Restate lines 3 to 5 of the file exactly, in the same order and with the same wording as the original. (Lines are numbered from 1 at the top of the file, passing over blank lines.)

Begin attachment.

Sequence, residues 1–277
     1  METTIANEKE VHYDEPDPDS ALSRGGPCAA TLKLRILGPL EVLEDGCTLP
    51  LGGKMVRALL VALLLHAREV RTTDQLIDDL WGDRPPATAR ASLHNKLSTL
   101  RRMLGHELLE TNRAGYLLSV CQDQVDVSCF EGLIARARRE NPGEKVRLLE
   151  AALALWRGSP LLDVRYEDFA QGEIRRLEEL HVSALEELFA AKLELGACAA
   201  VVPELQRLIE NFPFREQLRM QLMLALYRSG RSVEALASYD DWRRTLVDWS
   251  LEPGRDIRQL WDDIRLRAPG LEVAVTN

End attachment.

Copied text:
    51  LGGKMVRALL VALLLHAREV RTTDQLIDDL WGDRPPATAR ASLHNKLSTL
   101  RRMLGHELLE TNRAGYLLSV CQDQVDVSCF EGLIARARRE NPGEKVRLLE
   151  AALALWRGSP LLDVRYEDFA QGEIRRLEEL HVSALEELFA AKLELGACAA